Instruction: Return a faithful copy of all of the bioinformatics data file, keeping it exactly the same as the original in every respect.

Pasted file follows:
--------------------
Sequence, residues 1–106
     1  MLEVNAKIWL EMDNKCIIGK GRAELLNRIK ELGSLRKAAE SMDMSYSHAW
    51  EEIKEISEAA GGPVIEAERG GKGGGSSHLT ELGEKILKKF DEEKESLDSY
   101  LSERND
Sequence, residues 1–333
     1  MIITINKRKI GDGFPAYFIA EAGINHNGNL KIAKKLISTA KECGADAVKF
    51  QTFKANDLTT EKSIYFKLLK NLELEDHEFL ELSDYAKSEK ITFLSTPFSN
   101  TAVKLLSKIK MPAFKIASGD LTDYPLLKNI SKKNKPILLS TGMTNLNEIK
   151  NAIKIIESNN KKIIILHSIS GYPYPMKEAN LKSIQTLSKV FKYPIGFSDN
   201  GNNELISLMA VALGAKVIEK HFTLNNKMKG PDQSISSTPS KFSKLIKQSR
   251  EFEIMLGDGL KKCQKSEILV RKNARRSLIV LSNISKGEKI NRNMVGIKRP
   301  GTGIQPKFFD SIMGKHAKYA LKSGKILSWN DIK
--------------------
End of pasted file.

Sequence, residues 1–106
     1  MLEVNAKIWL EMDNKCIIGK GRAELLNRIK ELGSLRKAAE SMDMSYSHAW
    51  EEIKEISEAA GGPVIEAERG GKGGGSSHLT ELGEKILKKF DEEKESLDSY
   101  LSERND
Sequence, residues 1–333
     1  MIITINKRKI GDGFPAYFIA EAGINHNGNL KIAKKLISTA KECGADAVKF
    51  QTFKANDLTT EKSIYFKLLK NLELEDHEFL ELSDYAKSEK ITFLSTPFSN
   101  TAVKLLSKIK MPAFKIASGD LTDYPLLKNI SKKNKPILLS TGMTNLNEIK
   151  NAIKIIESNN KKIIILHSIS GYPYPMKEAN LKSIQTLSKV FKYPIGFSDN
   201  GNNELISLMA VALGAKVIEK HFTLNNKMKG PDQSISSTPS KFSKLIKQSR
   251  EFEIMLGDGL KKCQKSEILV RKNARRSLIV LSNISKGEKI NRNMVGIKRP
   301  GTGIQPKFFD SIMGKHAKYA LKSGKILSWN DIK